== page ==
Śmierć i (wieczny) powrót Zaratustry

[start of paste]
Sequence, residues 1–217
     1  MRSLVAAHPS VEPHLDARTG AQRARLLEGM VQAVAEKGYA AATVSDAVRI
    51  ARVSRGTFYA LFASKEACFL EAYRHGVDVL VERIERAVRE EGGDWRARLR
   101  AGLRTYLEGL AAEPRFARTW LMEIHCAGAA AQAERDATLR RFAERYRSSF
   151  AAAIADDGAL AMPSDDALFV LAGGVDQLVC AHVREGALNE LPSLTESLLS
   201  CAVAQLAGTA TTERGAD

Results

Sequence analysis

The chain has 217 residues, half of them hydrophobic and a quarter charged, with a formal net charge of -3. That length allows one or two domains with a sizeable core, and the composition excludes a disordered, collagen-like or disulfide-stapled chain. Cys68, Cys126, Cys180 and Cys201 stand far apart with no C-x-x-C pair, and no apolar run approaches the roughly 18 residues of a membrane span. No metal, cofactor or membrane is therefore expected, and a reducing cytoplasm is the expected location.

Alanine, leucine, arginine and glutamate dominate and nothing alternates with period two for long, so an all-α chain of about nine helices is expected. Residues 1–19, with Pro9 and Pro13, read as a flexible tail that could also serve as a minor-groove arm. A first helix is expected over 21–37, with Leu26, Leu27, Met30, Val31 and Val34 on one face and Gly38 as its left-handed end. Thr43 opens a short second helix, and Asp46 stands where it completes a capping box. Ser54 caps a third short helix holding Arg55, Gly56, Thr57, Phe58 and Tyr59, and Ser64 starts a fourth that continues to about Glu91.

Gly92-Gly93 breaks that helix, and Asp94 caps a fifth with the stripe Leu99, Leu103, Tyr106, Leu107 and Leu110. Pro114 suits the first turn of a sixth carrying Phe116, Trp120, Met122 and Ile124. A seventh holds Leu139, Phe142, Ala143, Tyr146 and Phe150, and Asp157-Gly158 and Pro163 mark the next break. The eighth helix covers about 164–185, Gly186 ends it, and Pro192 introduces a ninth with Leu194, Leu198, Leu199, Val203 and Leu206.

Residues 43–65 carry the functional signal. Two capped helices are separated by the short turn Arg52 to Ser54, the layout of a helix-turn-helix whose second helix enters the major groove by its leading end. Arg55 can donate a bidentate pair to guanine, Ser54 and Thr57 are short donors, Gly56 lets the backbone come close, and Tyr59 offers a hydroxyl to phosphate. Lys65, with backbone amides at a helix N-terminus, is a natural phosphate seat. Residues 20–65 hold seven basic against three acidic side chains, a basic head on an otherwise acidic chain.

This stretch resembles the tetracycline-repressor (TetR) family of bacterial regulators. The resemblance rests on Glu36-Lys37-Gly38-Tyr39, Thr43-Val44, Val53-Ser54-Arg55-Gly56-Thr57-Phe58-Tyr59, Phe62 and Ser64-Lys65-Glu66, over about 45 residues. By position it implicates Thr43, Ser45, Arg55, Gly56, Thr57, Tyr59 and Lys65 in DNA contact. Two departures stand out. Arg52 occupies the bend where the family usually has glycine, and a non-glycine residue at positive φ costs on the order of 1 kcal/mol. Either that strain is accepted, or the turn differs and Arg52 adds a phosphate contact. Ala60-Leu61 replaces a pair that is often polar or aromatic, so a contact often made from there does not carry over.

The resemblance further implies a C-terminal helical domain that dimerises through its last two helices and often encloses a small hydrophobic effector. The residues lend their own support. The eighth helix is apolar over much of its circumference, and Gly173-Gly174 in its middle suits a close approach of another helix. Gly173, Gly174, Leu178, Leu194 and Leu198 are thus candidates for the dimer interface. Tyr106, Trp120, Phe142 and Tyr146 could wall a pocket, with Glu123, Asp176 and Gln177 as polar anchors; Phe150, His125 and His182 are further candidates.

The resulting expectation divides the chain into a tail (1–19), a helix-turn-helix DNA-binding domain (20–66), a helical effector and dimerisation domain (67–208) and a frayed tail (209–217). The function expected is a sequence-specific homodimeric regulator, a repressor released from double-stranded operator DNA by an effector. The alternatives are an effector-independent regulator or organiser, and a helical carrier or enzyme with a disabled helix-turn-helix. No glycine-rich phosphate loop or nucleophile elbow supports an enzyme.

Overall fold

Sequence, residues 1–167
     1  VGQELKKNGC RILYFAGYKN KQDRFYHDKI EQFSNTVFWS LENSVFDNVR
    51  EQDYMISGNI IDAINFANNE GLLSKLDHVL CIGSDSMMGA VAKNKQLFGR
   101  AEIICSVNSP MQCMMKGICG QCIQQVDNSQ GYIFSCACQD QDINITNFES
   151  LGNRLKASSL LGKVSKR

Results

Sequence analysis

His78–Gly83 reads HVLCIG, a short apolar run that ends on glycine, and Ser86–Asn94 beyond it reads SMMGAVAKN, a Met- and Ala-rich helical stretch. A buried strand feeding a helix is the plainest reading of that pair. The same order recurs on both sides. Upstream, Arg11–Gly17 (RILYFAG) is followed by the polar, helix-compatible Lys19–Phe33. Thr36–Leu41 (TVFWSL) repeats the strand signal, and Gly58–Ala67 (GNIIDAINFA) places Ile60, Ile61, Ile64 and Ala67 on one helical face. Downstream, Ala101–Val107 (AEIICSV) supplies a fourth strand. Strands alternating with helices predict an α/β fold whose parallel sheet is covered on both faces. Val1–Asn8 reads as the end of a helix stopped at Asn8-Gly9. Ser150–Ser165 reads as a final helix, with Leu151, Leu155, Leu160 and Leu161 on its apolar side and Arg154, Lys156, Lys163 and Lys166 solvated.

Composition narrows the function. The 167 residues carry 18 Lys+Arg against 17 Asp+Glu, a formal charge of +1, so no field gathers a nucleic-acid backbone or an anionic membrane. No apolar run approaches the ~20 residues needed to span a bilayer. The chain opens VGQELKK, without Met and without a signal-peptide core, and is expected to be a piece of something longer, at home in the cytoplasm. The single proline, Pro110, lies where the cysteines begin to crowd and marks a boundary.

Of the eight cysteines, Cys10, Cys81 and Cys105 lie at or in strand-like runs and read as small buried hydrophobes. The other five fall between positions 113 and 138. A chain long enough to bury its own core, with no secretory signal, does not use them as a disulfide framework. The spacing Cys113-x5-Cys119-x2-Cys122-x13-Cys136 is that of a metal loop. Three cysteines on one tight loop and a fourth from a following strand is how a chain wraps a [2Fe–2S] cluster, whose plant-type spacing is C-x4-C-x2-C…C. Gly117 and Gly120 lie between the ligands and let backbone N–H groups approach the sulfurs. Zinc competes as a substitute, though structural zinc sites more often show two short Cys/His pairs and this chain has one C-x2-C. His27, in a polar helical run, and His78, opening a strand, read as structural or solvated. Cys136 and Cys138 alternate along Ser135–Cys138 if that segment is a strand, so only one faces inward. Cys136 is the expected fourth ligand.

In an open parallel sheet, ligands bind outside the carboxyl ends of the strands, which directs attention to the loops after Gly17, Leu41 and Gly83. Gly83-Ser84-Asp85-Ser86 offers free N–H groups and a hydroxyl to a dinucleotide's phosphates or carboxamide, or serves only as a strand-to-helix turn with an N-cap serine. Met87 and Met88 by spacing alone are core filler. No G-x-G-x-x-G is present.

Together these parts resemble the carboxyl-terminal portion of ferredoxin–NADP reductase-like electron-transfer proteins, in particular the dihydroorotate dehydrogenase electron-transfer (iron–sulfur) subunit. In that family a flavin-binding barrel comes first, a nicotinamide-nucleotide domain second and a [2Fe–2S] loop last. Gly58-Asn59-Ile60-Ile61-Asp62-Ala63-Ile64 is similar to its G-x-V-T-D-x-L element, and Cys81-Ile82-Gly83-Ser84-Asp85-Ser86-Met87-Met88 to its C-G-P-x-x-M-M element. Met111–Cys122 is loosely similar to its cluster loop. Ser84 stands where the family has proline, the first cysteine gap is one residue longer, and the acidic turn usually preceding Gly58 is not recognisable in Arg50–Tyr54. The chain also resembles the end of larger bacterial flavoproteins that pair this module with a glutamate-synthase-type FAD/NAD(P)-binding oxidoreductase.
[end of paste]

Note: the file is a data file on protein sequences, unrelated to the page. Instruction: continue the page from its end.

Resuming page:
The paper argues that F. Nietzsche’s magnum opus Thus Spoke Zarathustra can be looked upon as a narrative about the protagonist’s maturation to understand, articulate and accept the thought of the eternal return which is tantamount to accepting the prospect of his own imminent death and the enigma of afterlife. I seek to prove that Zarathustra purposely defers systematic and coherent explanation of his deepest thought, as well as he dismisses its interpretations proposed by his animals, disciples, and by his main enemy – the dwarf. The thought of the eternal return can only be revealed, enacted. For this purpose, Zarathustra must actually die and return and by so doing bestow on the next generations the gift of his secret intuition. It can be argued convincingly that the last two chapters of part IV of Thus Spoke Zarathustra are conceived as a powerful performative reenactment of the thought of the eternal return as a selective force. The force, however, which does not bring a different (resp. “better”, “stronger”…) existence, as Gilles Deleuze would want it, but the very same, identical life.